Carrier Advisory Committee
What is the CAC Network?
The Centers for Medicare and Medicaid Services (CMS) contracts with private insurance carriers to administer Medicare claims in each state. Medicare carriers administer Medicare Part B claims, while Fiscal Intermediaries administer Medicare Part A claims. Some national contractors (i.e. Noridian) administer Medicare in more than one state, creating a similar set of reimbursement policies across those states.
Each local Medicare carrier is required by CMS to have a physician Contractor Medical Director (CMD), who may serve more than one state, however, each state must have at least one CMD. CMDs oversee the development of local Medicare policies in their jurisdiction and often collaborate with other CMDs to share data and coordinate the development of Local Coverage Determinations (LCDs).
LCDs, formerly referred to as Local Medical Review Policies (LMRPs), are documents produced by CMDs, which outline medical necessity for a given procedure. They typically include a set of indications that support medical necessity and may or may not include a list of ICD-9 codes that support medical necessity.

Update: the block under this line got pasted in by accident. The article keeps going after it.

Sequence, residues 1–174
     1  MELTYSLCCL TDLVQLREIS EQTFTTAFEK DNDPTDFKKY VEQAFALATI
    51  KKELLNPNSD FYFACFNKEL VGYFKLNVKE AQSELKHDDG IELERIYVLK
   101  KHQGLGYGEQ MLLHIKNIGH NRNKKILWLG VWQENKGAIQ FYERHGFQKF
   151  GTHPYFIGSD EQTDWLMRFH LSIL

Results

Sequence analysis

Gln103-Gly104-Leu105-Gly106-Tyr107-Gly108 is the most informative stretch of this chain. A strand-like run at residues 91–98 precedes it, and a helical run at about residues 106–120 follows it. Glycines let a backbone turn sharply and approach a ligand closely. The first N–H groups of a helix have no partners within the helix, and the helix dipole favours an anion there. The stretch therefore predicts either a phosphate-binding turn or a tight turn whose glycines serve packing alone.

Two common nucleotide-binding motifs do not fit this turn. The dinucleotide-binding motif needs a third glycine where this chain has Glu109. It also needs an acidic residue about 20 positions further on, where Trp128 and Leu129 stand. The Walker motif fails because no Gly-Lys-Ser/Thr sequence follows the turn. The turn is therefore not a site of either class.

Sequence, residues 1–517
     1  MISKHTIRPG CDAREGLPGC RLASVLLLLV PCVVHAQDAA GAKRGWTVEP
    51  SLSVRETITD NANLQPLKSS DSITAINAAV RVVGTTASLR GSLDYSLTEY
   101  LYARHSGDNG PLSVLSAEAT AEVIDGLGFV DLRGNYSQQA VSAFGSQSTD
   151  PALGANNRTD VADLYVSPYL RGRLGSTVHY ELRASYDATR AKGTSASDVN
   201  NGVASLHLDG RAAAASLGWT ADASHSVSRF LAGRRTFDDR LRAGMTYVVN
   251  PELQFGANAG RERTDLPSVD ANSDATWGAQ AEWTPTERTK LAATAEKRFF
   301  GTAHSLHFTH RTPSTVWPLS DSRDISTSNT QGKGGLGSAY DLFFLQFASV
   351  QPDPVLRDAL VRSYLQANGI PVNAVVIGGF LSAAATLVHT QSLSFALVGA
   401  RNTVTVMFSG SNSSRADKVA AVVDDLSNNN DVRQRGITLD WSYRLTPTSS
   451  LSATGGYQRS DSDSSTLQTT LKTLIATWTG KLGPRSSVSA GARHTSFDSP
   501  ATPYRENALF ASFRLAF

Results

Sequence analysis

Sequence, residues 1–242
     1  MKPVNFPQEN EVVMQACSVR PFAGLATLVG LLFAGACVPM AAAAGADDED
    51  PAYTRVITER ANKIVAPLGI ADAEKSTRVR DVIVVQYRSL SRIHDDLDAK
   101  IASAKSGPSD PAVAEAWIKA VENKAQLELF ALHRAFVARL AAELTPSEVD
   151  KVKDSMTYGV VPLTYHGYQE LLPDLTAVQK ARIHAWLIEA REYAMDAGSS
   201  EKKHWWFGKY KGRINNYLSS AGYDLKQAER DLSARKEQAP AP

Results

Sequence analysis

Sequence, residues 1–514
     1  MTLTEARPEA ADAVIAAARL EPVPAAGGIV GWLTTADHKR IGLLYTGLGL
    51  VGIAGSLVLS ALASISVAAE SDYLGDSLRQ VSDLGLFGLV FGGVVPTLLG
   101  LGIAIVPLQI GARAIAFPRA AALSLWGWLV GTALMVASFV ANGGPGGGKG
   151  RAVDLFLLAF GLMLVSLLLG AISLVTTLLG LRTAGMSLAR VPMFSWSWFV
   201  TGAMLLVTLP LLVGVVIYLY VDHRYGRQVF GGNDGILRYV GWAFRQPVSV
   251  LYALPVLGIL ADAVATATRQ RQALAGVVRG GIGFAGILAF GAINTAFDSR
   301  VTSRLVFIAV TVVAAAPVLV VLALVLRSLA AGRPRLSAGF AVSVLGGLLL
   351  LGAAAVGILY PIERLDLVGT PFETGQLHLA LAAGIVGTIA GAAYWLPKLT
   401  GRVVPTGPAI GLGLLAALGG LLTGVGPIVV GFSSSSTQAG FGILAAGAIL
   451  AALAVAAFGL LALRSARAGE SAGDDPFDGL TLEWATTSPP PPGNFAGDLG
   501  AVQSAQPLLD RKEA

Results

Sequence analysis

To assist Medicare carriers in the development of LCDs, each state is required to have a Carrier Advisory Committee (CAC), comprised of physicians from various specialties who serve as resources to their local Medicare carriers. Radiology, radiation oncology and nuclear medicine each have seats on the CAC.
The ACR CAC Network was developed to encourage communication and coordination among all radiology CAC representatives. The ACR is committed to providing as much assistance as possible to each CAC representative. In September 1999, the ACR Council passed Resolution 42, which called for the development of a state model for coordination and communication of local CAC activities. In addition, Resolution 42 encouraged the development of local subspecialty advisory panels to further aid local CAC members in the review of local Medicare policies. Adoption of the ACR CAC Networks and the model by the state chapters created a better organized and more effective mechanism for dealing with local Medicare issues.
Cristopher Meyer, MD, FACR
William Pao, MD, FACR